Migratory fish “adjust” as it were to individual tributaries and their annual flow cycles. Somehow the fish know just what works for them in terms of flows at specific times of year. On one mid-Upper Shore stream, fall base flows are typically in the 2-7cfs range. Flows rising into the 20cfs range draws coasters, pink and coho salmon like crazy. A spring steelhead experiencing the same 20cfs flows would simply stay in the lake, or hunker down somewhere safe in the stream while waiting for flow values in 80-100cfs range.
Gage Height: The height of the water surface above the gage datum (zero point). Gage height is often used interchangeably with the more general term stage, although gage height is more appropriate when used with a gage reading. Gage heights generally correspond to distinct discharge readings and are the basis for Rating Curves. Many people think that gage and CFS are not related, but they are. A distinct gage reading generally corresponds to a distinct CFS reading. In a perfect world they would always correspond perfectly, but in the real world they mostly correspond. This leads to a technical argument regarding stream cross-sections and is not highly relevant to the discussion. Feel free to e-mail MNST if you need to know why and it’s keeping you up at night…
Figure 3 illustrates Gage Height and is the corresponding reading to Figure 1.
It really doesn’t matter whether you intuitively understand gage height or CFS better, the point is to be able to know what the readings mean, and how to apply “flow intelligence” to North Shore stream fishing.
Mean: The “average” in plain English. For a data-set such as discharge, the mean is the sum of all readings divided by the total number of observations for a given date. Figure 4 shows a stream’s means, medians and exceedence, plus bonus minimum and maximum flows recorded on May 11th over 32 years as depicted on a USGS chart:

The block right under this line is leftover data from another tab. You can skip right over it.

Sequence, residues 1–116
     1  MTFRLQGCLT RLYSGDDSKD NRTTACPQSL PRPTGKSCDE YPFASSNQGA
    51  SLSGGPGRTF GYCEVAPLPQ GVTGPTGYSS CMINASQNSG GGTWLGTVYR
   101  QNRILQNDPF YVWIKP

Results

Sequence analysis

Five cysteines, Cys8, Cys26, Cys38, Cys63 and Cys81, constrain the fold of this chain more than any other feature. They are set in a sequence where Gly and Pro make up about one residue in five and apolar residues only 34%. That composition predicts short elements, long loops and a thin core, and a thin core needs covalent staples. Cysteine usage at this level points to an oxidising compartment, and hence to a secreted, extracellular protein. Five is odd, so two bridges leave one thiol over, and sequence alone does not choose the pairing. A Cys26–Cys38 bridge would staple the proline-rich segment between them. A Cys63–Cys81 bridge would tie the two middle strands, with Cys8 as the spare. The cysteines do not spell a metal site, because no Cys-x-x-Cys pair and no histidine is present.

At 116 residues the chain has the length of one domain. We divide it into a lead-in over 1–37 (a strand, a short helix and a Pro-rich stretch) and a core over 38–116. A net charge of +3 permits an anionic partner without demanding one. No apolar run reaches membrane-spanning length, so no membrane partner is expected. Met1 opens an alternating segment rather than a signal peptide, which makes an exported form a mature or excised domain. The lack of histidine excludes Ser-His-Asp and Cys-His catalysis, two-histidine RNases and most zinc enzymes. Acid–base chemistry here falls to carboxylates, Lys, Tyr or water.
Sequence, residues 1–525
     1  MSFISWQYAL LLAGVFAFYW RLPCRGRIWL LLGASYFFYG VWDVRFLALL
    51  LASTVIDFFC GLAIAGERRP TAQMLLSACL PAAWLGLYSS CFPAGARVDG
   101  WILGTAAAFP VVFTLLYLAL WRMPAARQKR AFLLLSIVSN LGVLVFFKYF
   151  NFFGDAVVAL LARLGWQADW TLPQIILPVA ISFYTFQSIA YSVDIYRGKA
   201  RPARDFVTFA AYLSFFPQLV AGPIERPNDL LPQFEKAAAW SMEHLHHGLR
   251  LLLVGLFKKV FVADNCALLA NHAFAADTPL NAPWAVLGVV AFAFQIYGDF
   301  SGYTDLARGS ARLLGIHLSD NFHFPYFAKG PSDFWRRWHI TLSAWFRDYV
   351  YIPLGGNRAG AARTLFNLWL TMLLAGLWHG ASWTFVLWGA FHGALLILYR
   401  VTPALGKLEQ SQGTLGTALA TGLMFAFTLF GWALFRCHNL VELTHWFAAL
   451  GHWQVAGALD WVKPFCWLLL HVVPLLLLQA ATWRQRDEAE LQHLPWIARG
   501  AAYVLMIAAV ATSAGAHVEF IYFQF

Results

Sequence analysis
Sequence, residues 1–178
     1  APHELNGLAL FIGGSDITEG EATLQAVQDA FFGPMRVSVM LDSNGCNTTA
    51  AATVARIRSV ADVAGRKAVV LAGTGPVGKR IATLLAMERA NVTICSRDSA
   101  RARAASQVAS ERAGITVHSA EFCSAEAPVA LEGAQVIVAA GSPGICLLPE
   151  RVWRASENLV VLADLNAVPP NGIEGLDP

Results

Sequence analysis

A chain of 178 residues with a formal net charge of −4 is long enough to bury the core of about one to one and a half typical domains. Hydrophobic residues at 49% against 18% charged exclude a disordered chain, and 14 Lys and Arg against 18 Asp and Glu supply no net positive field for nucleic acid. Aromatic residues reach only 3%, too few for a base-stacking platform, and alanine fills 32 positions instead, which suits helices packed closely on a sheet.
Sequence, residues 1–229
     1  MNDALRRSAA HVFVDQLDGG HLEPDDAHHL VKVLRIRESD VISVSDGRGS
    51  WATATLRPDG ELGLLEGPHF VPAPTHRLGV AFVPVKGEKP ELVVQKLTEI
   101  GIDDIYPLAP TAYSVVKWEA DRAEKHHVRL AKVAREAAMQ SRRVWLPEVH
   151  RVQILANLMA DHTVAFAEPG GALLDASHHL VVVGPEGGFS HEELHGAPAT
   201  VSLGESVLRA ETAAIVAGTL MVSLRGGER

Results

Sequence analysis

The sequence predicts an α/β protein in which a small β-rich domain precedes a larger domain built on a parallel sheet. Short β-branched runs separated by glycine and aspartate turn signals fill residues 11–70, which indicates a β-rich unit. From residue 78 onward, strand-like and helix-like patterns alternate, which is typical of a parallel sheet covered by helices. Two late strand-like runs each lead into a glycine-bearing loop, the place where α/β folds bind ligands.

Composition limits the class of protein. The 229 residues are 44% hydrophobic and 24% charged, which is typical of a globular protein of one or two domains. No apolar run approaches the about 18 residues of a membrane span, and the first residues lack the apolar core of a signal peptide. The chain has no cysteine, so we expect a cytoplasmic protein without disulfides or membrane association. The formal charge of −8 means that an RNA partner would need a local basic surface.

Here you can see that for May 11th, the flow of 37cfs is actually quite low. Well below the average of 219cfs, and not much higher than the lowest historically recorded flow value of 14cfs. It’s also well below the 20% exceedence value of 50cfs. This graphic is telling you a lot about what is likely going on with the fish, where to look for them, and what tactics and presentations you’ll need to use to be successful.
Median: The number dividing the upper half of a discharge data-set from the lower half. The median of a list of numbers is simply calculated by arranging all the observations on that date from highest to lowest value and using the one that falls smack in the middle.
Measuring Station: There are many different types of instruments used at stations to measure many different water parameters. Rather than confuse you with a list of instrument types, a measuring station is simply a tool ideally suited for profiling, monitoring, and recording water conditions in lakes, rivers & wetlands. Measuring stations may be as simple as a stick with measurement marks on it that’s affixed to a solid object, or a complex package containing multiple electronic sensors which record a range of water quality data such as: Gauge Height, Discharge, Turbidity (how much dirt is suspended in the water), Temperature, Electrical Conductivity and Dissolved Oxygen. If the station is equipped with “on board” memory and battery power, it can be left unattended for weeks at a time. Measurement parameters can be set to sample water data at pre-programmed intervals and securely save the data to the unit’s internal memory. Some stations transmit data automatically while others require physical retrieval from the water. The station’s information in those cases is downloaded to a computer and specialized software is used to graph and interpret the data.
There are a number of good resources for obtaining flow information for North Shore and other area tributaries. The first is the US Geological Survey Site
This link is specific to Minnesota and displays tributaries in a table format. Locate the stream you wish to view in detail and click its’ link. A useful feature of this table is that you can quickly scroll through all available tributaries and see what they are all doing at a glance. To get other State’s tributary data, select that State from the drop-down menu located at the top of the table. USGS is updating their display formats as of 2023, but you can jump to their legacy sites by clicking the Legacy Real-Time Page link near the top of the individual station page.
The second resource is: Lake Superior Duluth Streams